Mitochondrial DNA analysis of ancient human bones excavated from Nukdo island, S.Korea
Ae-Jin Kim1,†, Kijeong Kim2,†, Jee-Hye Choi3,†, Eun-Ha Choi1, Yu-Jin Jung1, Na Young Min3, Gavaachimed
Lkhagvasuren4, Sangmyung Rhee3, Jae-Hyun Kim5, Maengseok Noh6, Ae Ja Park7, Kyung-Yong Kim8, Yoonsung Kang9,
Kwang-Ho Lee3,4,* & Keun-Cheol Kim1
We have performed analyses using ancient DNA extracted from 25 excavated human bones, estimating around the 1st century B.C. Ancient human bones were obtained from Nukdo Island, which is located off of the Korean peninsula of East Asia.
We made concerted efforts to extract ancient DNA of high quality and to obtain reproducible PCR products, as this was a primary consideration for this extensive kind of undertaking. We performed PCR amplifications for several regions of the mitochondrial DNA, and could determine mitochondrial haplogroups for 21 ancient DNA samples.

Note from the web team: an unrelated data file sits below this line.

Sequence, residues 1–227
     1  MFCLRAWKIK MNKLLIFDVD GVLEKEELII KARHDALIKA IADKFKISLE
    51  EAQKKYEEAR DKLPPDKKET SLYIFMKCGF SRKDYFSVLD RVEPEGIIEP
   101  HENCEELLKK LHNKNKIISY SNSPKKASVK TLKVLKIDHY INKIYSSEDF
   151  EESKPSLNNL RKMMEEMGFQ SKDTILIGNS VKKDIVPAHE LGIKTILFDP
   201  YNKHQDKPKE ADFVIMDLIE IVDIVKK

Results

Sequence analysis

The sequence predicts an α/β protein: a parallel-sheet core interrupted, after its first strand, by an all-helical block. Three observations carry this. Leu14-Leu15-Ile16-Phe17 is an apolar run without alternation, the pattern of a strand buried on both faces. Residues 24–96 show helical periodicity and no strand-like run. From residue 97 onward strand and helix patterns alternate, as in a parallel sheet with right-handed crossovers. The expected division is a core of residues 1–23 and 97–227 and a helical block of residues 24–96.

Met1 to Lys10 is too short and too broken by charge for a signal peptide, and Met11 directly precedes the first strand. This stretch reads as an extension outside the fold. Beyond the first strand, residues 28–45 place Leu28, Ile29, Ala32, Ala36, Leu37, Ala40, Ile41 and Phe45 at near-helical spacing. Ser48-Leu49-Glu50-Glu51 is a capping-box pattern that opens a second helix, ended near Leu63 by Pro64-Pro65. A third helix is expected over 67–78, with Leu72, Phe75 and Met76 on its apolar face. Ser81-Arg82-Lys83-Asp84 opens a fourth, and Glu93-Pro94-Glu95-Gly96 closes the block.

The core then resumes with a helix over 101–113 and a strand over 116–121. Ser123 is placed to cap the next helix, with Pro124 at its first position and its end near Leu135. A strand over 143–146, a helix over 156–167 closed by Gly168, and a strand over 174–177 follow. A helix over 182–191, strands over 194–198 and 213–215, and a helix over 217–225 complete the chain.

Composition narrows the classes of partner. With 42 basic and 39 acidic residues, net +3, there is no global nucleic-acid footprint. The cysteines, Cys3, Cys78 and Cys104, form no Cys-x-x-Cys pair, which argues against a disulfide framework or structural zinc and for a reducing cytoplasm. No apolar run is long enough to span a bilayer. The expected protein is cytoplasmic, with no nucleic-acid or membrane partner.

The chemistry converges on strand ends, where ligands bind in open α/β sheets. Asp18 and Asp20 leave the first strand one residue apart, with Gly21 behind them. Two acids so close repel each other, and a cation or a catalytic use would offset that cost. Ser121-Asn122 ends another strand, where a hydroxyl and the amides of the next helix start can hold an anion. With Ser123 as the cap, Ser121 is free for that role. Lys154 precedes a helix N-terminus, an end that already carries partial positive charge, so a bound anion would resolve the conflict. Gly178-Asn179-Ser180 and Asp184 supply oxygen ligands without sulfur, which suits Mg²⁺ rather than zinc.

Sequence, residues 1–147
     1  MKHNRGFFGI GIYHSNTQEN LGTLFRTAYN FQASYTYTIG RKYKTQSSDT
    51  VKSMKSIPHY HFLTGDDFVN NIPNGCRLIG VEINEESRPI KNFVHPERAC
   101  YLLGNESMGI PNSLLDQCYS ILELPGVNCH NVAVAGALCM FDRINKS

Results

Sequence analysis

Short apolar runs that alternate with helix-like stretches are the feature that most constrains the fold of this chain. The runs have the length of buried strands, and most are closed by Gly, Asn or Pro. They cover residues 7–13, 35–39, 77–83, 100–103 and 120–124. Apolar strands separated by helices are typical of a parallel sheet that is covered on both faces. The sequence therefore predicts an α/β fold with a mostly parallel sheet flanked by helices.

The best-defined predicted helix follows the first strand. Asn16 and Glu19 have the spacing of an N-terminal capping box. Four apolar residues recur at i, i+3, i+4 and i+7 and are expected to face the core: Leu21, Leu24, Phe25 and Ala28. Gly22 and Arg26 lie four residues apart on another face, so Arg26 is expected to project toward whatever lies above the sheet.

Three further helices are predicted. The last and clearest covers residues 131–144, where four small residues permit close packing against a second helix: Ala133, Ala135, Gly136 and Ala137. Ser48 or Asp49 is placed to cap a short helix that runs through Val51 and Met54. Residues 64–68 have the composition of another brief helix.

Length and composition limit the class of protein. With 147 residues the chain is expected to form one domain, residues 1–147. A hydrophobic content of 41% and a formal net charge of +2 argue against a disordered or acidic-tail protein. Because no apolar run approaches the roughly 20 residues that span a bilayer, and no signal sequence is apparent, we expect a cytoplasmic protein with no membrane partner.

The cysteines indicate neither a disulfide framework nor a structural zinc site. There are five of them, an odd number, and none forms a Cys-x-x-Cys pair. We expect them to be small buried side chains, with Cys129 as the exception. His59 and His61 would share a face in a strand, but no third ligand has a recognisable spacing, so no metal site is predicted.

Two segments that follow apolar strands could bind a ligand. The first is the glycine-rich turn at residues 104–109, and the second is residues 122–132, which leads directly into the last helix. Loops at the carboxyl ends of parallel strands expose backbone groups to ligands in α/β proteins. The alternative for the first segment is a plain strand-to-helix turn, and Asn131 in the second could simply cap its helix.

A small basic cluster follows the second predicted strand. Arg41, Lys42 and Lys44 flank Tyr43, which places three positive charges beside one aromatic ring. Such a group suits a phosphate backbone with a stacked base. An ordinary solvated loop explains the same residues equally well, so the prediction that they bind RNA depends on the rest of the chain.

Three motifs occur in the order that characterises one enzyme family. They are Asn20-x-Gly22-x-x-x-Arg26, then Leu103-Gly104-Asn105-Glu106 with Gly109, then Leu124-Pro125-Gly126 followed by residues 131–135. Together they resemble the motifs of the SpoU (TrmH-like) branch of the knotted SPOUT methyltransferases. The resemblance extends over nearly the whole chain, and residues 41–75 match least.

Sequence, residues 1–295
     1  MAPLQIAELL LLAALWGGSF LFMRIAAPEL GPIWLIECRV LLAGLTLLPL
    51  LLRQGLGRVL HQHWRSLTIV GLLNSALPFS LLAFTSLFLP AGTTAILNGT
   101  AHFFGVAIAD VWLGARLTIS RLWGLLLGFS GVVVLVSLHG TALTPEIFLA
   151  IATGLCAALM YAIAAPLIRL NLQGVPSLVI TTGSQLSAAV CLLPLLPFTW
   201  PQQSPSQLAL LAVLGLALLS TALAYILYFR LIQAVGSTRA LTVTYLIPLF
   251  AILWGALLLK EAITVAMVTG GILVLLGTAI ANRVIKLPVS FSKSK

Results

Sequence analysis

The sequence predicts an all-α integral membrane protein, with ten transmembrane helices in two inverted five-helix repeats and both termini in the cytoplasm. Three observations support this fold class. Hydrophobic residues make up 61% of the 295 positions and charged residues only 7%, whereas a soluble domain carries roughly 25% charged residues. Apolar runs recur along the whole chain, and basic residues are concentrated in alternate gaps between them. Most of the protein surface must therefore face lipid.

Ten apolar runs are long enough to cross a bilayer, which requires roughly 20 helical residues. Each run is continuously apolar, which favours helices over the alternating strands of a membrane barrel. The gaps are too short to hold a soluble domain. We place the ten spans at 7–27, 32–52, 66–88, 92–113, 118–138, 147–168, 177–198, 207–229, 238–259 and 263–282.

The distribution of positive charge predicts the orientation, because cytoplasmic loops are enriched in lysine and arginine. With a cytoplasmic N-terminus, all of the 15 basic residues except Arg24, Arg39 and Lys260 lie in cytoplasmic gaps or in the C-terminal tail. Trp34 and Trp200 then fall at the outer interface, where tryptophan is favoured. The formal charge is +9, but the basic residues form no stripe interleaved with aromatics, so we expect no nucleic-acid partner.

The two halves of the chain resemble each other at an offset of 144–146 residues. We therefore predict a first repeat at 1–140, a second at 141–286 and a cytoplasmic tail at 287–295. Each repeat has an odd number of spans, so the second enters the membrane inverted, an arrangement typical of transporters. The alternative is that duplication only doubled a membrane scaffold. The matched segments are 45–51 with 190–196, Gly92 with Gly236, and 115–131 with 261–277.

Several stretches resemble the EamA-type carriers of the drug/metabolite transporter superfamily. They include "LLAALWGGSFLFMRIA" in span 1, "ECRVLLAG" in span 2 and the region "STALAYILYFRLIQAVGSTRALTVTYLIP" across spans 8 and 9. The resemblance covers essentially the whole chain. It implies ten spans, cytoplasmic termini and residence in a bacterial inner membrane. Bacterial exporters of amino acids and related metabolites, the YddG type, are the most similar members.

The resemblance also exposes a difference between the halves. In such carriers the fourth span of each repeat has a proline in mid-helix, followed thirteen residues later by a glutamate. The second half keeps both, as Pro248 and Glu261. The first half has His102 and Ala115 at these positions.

Genetic information from mitochondrial DNA belonged to super-haplogroup M, haplogroup D or its sub-haplogroups (D4 or D4b), which are distinctively found in East Asians, including Koreans or Japanese.
The dendrogram and principal component analysis based on haplogroup frequencies revealed that the Nukdo population was close to those of the East Asians and clearly distinguished from populations shown in the other regions.
Considering that Nukdo is geologically isolated in the southern part of the Korean peninsula and is a site of commercial importance with neighboring countries, these results may reflect genetic continuity for the habitation and migration of ethnic groups who had lived in a particular area in the past.
Therefore, we suggest that phylogenetic analyses of ancient DNA have significant advantages for clarifying the origins and migrations of ethnic groups, or human races.
출처 : 분자인류학논단
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